Free learning resources from arts, cultural and heritage organisations.

Teachers' Notes

Resource created by Leeds Discovery Centre

This resource was created by Milo Phillips – Assistant Curator of Entomology at Leeds Museums and Galleries. It is suitable for Key Stages 2 to 3, aims to develop knowledge and understanding of what goes into making a species ‘social’ and why they exist at all. Additional animated resources illustrate how a hive/colony functions, introduces a variety of ‘social’ species and supports learning about the differences within insects, how we classify animals, and their importance to the environment.


Curriculum Links

The resource covers the following areas of the Science curriculum:

  • KS2 Science – Living things and their habitats; Life cycles; Evolution and adaptation; how we classify animals
  • KS3 Science – Relationships in an ecosystem; Variations between species; Pollinators and their ecological importance; Genetics and Inheritance

Aims of Resource

To give a brief and straightforward introduction to the world of social insects, looking at how we decide if something is ‘eusocial’ and the wider importance of this knowledge.


Learning Objectives

  • Knowledge of one of the fundamental divisions within insect species
  • Understanding of how we define such groupings and why the social/solitary distinction exists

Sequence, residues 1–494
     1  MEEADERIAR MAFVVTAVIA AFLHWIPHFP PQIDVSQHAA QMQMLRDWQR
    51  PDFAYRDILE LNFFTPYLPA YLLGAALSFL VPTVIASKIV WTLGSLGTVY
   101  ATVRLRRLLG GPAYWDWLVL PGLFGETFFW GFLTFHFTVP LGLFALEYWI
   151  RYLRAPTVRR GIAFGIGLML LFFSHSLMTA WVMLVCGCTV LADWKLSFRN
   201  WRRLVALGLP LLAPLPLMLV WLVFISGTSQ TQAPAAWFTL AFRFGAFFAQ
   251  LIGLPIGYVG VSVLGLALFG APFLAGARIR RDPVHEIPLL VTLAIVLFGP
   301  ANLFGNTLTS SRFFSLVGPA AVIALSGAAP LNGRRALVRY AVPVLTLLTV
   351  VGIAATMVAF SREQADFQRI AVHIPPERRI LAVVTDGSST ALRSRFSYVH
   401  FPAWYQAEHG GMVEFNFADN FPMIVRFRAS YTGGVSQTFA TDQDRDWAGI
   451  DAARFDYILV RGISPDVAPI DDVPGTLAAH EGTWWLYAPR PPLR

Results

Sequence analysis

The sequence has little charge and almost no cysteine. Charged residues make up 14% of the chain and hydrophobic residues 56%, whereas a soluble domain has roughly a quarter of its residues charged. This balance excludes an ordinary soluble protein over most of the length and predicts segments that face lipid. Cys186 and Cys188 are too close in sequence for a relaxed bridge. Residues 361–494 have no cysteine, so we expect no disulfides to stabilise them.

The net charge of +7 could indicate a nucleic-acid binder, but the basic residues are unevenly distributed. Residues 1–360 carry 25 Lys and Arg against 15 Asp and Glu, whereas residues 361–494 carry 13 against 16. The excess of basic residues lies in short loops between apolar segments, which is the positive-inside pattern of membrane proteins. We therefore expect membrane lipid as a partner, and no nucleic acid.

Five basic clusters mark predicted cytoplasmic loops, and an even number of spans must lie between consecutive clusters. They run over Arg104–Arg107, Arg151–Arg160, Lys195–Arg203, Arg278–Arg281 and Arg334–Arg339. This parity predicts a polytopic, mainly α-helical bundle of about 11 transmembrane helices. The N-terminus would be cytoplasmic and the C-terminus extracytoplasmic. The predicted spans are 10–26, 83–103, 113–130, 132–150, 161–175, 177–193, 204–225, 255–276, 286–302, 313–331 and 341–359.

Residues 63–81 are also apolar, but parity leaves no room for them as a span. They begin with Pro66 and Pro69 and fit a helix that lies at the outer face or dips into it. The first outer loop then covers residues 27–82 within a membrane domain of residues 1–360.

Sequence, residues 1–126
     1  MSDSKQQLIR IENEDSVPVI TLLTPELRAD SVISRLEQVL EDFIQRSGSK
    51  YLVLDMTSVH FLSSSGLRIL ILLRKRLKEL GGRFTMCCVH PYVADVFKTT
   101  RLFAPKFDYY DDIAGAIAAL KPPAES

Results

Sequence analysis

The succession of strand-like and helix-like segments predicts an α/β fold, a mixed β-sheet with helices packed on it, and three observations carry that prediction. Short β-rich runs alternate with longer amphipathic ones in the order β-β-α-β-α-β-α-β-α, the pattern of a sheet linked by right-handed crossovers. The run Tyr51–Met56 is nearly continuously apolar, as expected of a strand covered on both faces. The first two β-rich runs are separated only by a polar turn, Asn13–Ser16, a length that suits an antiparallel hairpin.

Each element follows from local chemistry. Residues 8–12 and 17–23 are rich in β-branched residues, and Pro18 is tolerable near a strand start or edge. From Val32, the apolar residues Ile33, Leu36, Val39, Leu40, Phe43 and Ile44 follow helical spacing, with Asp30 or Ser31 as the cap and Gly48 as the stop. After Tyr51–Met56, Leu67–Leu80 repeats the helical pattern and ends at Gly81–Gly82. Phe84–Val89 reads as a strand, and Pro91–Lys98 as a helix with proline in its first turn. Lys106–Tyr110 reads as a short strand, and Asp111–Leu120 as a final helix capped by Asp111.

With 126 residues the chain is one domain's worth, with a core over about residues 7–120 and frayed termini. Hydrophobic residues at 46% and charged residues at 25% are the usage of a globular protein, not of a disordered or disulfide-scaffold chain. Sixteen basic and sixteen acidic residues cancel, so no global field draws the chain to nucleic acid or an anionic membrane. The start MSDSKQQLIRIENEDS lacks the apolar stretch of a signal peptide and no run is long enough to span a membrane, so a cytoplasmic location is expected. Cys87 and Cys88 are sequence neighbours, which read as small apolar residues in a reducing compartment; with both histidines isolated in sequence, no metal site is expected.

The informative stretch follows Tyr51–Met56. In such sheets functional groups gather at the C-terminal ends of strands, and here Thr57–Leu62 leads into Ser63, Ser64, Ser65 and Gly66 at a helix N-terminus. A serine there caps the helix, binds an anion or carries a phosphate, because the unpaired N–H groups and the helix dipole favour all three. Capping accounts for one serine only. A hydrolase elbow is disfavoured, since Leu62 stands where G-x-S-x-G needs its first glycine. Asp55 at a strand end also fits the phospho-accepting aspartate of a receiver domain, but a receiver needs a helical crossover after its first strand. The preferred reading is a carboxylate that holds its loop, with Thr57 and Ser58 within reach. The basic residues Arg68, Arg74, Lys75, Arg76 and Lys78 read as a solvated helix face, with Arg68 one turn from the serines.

• Skills to critically evaluate classification of animals using established criteria

Discussion Points

  • Can you think of any animals that we might consider eusocial? What about solitary ones?
  • Do you think humans are eusocial?
  • Can you think of any animals that work together to achieve goals?
  • Knowing what ‘eusocial’ means now, do you still think humans are eusocial?
  • Why might a pack of wolves or other animals that live and hunt together not be thought of as eusocial?

Activity Ideas

  • Design your own social species – list all the different roles you think your hive or colony would need to make sure your species can survive and thrive.
    Then compare these lists to the roles within bee hives and ant colonies.


Brood - (In insects) the offspring produced by the queen of a hive or colony when in their juvenile/larval stages of life.

Castes - Found in some social insects, classes of physically distinct individuals with a particular function in the society.

Ecosystem - A biological community living organisms (plants, animals and microbes) in a particular area. These living parts are all connected through nutrient cycles and energy flows (like food chains).

Ecosystem engineers - Any organism that creates, destroys or significantly changes a habitat.

Eusocial - Animals (especially insects) showing an advanced level of social organization, in which a single female or caste produces the offspring and non-reproductive individuals cooperate in caring for the young.

Life-history strategies - The age and stage specific patterns and timing of events that make up an organisms life. Such as juvenile development, metamorphosis, offspring-number, parental care methods to name a few.

Reproductive fitness - Describes individual reproductive success, or the average genetic contribution to the following generation made by an individual.